Celebrate the Arts: Science and Literature
A continuing education course is being offered at the Florida Keys
Community College in conjunction with the Nineteenth Annual Key West
Literary Seminar, Science & Literature: Narratives of Discovery. This
course will be taught by Dr. Howard Wolman who has a Ph.D. in Classical
Languages and Literature from Johns Hopkins. Dr. Wolman is currently a
Key West resident. He began his teaching at Dartmouth and spent most of
his career at Brooklyn College.
Course Description by Dr. Wolman:
Two years ago, after thirty-some years as a professor of literature and
language, I took an early retirement option and moved to Key West. I
soon realized how much I missed the excitement of the give-and-take of
discussion in the classroom. Thus, I created a series of mini-courses
at the local college devoted to various aspects of art and literature.
The first three courses were devoted to the theater and films of
Tennessee Williams and Terrence McNally and to Key West music.
Last year I attended the Key West Literary Seminar devoted to the
memoir. It was the first time I was wise enough to enroll in a timely
fashion. I was delighted and enlightened by the panelists, but
frustrated by the limited time for discussion. I also noticed that many
of the questions asked by the audience were, in fact, comments rather
than questions. When I shared this observation with a close friend of
mine who was also attending, I realized that I wasn't alone. I decided
that for the 2000-20001 academic year I would devote one of the courses
to the subject of the annual Seminar.
Interestingly enough, the conjunction of science and the arts has been
attracting increasing attention. Recently an article appeared in the
New York Times about science finding a home on-stage in many new plays
and "the connections they made between the mysteries of the universe and
the mysteries of human experience." I saw Copenhagen last year in
London. I found it very exciting theater, but I thought it would never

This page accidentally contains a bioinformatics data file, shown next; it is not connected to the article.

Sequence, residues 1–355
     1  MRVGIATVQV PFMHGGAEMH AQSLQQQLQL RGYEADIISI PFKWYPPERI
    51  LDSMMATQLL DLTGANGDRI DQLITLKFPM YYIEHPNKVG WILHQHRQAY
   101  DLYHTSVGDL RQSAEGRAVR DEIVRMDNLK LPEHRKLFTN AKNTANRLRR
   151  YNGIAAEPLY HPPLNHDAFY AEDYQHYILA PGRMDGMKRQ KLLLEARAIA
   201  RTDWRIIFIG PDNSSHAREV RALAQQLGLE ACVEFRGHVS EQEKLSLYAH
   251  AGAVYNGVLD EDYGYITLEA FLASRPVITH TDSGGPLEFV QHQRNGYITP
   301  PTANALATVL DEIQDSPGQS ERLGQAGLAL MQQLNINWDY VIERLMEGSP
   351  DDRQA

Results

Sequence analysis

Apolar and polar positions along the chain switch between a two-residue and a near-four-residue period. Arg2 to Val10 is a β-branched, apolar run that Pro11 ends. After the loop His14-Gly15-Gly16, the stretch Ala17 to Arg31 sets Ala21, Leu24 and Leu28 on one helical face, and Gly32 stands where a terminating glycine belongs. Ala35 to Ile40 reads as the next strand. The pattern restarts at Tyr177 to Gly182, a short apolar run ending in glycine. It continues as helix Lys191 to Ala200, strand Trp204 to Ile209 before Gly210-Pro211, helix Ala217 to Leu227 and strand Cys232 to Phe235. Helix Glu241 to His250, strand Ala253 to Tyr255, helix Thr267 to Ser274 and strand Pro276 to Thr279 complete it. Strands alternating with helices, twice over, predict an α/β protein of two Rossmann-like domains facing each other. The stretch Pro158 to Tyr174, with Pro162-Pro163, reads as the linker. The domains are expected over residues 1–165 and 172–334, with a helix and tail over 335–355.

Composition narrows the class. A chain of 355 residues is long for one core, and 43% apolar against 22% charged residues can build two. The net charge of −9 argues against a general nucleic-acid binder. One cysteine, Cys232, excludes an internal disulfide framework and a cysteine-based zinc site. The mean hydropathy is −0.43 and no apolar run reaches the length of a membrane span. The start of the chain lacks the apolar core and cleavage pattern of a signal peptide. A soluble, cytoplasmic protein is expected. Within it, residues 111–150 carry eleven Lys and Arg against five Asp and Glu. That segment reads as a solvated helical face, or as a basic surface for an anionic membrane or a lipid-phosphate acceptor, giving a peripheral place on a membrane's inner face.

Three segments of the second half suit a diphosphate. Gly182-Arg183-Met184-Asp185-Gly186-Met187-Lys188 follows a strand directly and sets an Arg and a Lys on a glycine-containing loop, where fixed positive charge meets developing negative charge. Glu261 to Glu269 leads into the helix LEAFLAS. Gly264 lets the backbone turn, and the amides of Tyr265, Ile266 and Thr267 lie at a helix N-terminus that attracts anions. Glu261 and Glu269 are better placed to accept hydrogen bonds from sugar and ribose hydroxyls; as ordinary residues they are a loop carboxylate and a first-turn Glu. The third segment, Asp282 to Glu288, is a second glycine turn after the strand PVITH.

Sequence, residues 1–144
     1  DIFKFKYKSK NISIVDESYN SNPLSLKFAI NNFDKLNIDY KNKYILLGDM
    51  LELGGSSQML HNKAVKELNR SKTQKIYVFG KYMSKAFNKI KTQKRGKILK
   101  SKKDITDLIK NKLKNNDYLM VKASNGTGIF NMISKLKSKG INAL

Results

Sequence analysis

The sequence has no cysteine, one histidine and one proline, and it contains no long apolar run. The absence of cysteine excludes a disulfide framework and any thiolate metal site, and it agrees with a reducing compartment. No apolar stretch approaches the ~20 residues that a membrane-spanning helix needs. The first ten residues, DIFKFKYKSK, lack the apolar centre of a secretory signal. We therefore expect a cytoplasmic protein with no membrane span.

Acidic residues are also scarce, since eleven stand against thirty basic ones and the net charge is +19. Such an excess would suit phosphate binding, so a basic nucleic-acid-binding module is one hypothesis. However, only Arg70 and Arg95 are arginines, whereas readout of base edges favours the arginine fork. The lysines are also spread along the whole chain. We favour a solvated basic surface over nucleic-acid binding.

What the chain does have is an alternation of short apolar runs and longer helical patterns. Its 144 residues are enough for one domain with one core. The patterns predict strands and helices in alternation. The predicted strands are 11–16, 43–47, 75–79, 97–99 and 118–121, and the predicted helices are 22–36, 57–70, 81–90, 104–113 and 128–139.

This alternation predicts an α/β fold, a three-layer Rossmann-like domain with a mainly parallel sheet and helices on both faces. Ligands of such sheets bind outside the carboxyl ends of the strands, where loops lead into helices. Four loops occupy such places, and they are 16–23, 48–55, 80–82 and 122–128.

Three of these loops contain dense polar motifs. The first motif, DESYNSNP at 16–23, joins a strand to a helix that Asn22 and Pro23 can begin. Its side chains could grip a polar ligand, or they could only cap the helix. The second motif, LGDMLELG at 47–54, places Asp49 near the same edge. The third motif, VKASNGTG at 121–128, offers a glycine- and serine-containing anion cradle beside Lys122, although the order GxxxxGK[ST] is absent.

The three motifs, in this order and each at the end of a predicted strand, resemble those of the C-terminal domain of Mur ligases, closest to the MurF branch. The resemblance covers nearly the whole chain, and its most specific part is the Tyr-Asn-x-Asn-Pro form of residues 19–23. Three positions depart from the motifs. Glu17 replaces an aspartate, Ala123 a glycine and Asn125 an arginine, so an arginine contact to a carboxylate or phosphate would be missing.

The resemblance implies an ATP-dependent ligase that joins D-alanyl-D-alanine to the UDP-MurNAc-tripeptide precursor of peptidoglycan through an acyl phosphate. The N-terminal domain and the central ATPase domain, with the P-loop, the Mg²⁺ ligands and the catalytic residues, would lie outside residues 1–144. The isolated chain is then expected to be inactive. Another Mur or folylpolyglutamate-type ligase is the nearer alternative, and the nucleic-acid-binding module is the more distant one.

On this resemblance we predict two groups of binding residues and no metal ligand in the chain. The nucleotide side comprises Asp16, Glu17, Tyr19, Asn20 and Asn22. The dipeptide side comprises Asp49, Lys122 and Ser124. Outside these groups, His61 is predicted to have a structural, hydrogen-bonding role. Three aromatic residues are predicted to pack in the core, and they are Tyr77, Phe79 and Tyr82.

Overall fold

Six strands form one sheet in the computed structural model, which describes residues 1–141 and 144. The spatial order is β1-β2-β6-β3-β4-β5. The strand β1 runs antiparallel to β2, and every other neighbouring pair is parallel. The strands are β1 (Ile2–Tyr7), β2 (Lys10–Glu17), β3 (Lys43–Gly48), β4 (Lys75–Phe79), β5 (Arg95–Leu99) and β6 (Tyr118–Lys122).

get an audience in New York. Wrong! It is not only doing excellent
business, but it is expected to win a Tony as the best new play of the
As an undergraduate at Amherst College, I read C. P. Snow's Cambridge
lectures which were recently republished by Cambridge University Press
with an excellent introduction by Stefan Collini. These lectures
crystallized major aspects of the discussion of the lack of awareness
and communication between scientists and humanists. I thought a reading
and discussion of these lectures would be excellent preparation for
maximizing enjoyment and understanding of the panels the week before the
Conference, and on subsequent weeks we would continue the dialogue by
discussing issues which came up at the Seminar.
The four meetings of the course will be held at the College in the lobby
of the Tennessee Williams Theater on Saturday morning from 9:30 to
1:00. The first meeting will be on January 6 with subsequent meetings
on the three Saturdays following the Seminar.
To register, call (305) 296-9081 (extension 488) or write: Office of
the Registrar, Florida Keys Community College, 5901 West College Road,
Key West, Florida 33040. The cost of the four week course is $70 which
can be paid by check or credit card.
Questions should be directed to Howard Wolman at (305) 294-0111.